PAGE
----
The stages of travel

Mindful Travel, USA

A quick search of the internet reveals that there are plenty of views on how many stages of travel there actually are – although, it often seems that the number put forward is influenced by the product being marketed! Common terms include researching, booking and sharing, but I feel that these are all captured in the following simplified version:









When looking at these four stages, it’s important to remember the principles of mindful travel – that is, focusing your consciousness with purpose, in the present moment and without judgment.

For example, the dreaming stage is often influenced by stories that you hear from family or friends about their travels. Rather than becoming jealous of their experiences, you should view them as a catalyst to make your own travel plans. This means really embracing the idea of going somewhere new and enjoying the fact that you have so many options to choose from.

It’s also important not to become impatient during the planning stage through wishing that your departure date would hurry up and arrive. Planning requires attention as it is an important step that will help you to decide many aspects of your trip, such as:

  • How long can you travel for?
  • How many destinations will you visit?
  • How much money will you need / be able to save?
  • When you will be able to depart?
  • Are there any ‘must-see’ attractions?
  • Are there any ‘must-do’ events?
  • How will you get there?
  • How will you get around?

In terms of the experiencing stage, we’ve already looked at trying not to compare one destination with another in the Niagara Falls article, but I also remember getting caught up with the cost of accommodation during my first trip to New York, after spending the previous six months in South America. I was so shocked that one night in a hostel was the same price as one week in Colombia, where I’d just come from, that I ended up changing the place I was staying three times in six days in an attempt to save some money.

I still had a great time and did manage to save a bit, but if I’d just accepted the situation for what it was, rather than comparing it to another experience, I would have been able to relax and not spent those hours carting my backpack from place to place. Fortunately, I realised this afterwards and haven’t made the same mistake since!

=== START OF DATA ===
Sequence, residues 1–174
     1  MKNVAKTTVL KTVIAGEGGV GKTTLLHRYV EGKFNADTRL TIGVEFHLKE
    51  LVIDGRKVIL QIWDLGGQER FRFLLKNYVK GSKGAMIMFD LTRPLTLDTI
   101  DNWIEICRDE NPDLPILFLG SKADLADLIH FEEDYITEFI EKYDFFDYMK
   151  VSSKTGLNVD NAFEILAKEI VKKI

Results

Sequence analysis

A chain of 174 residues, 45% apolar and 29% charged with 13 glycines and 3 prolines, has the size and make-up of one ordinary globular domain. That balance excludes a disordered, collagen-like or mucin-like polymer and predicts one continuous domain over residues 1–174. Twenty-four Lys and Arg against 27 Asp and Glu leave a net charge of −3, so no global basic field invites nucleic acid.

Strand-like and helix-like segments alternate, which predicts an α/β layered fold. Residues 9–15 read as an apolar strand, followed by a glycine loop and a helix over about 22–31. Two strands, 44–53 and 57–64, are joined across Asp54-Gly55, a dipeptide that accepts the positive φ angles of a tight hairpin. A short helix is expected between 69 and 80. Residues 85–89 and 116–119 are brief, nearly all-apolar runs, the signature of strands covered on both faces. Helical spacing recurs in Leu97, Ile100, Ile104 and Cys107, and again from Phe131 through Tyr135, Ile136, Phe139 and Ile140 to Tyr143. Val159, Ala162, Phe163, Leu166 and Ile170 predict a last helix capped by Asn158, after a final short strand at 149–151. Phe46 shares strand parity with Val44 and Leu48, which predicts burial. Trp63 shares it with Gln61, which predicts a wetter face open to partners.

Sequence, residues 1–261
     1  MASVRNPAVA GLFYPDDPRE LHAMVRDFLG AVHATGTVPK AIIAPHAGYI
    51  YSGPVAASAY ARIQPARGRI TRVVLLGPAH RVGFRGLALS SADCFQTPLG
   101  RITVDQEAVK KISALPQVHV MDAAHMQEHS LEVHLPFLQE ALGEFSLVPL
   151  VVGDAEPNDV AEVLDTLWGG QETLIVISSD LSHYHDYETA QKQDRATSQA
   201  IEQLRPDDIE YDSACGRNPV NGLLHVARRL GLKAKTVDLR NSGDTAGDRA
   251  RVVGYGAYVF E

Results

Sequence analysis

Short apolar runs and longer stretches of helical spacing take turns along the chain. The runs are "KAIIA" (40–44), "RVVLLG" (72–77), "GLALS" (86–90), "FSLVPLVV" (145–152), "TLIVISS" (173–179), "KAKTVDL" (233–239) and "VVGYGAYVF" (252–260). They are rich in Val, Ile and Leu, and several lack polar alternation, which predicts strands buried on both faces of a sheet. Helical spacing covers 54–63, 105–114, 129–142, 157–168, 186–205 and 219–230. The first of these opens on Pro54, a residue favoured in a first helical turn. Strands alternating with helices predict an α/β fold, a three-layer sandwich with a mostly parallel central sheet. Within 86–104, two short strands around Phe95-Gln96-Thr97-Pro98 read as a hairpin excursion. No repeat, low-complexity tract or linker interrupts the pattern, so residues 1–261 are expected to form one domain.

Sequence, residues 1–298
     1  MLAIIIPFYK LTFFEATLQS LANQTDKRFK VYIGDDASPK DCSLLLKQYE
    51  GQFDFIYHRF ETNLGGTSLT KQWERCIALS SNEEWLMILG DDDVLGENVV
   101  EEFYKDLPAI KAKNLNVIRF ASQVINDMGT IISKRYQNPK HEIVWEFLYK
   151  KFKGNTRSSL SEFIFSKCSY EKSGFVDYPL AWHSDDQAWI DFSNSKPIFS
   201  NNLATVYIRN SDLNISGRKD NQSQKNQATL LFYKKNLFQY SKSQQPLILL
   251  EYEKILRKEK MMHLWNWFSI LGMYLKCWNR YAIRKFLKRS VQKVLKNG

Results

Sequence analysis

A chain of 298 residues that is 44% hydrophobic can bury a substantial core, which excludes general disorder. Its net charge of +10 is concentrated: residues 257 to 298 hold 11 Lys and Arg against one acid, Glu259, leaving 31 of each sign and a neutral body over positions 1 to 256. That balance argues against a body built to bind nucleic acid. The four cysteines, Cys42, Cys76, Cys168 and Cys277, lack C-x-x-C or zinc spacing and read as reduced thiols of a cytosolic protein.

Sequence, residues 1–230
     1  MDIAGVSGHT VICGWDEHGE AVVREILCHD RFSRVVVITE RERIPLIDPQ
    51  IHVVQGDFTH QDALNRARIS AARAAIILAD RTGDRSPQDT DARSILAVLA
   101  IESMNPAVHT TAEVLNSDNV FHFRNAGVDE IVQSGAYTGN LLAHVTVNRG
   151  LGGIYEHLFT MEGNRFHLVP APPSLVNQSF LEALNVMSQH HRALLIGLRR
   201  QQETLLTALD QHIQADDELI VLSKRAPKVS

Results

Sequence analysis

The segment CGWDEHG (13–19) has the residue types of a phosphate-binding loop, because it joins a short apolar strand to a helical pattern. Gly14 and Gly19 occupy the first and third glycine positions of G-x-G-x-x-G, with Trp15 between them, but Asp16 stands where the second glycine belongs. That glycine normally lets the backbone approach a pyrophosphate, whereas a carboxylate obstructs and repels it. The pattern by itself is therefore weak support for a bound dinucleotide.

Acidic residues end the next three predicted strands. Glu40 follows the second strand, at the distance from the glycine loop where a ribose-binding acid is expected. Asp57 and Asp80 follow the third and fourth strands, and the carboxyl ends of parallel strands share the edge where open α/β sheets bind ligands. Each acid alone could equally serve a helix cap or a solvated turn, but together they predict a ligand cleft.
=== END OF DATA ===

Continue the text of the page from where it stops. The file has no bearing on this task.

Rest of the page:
The photo below was also taken between places, so moving around wasn’t a complete waste of time!

Equally important as not becoming impatient during the planning stage, is not allowing yourself to stress about the imminent end of your trip – whether it’s in a few days, weeks or months. Staying present helps you to enjoy every moment of your travels, rather than occupying your mind with what’s on the horizon.

Finally, with regards to the remembering stage, it’s often hard for anyone that hasn’t been away to relate to the experiences that you’ve had, so it’s important not to become frustrated with those who may not share the same level of enthusiasm for your stories as you!

Being present in this stage can also be difficult, especially straight after arriving home and having to get on with ‘normal life’ again. A great way to avoid getting caught up with thinking, “I wish I was back there” is to really cherish the experiences that you had and the people that you met along the way. This may even lead you back to the dreaming stage as you give some thought to visiting your new friends in their home country, or meeting them somewhere else – you wouldn’t be the first one to cure some post-travel blues by starting to plan your next trip!


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